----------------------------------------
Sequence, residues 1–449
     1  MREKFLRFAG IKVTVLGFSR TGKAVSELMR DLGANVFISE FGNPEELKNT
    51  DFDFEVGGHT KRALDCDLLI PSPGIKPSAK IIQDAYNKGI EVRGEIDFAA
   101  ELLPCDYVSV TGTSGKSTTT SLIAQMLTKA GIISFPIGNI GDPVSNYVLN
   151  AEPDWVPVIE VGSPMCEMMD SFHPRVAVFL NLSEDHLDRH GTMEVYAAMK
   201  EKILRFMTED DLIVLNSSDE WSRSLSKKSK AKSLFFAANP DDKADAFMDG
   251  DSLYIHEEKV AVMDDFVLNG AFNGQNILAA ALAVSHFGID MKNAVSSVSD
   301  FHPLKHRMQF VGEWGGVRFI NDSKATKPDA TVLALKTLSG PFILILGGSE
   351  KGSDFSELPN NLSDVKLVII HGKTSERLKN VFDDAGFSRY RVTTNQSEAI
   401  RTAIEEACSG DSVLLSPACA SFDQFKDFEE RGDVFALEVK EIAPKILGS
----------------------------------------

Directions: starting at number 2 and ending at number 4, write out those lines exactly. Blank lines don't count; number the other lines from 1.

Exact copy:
     1  MREKFLRFAG IKVTVLGFSR TGKAVSELMR DLGANVFISE FGNPEELKNT
    51  DFDFEVGGHT KRALDCDLLI PSPGIKPSAK IIQDAYNKGI EVRGEIDFAA
   101  ELLPCDYVSV TGTSGKSTTT SLIAQMLTKA GIISFPIGNI GDPVSNYVLN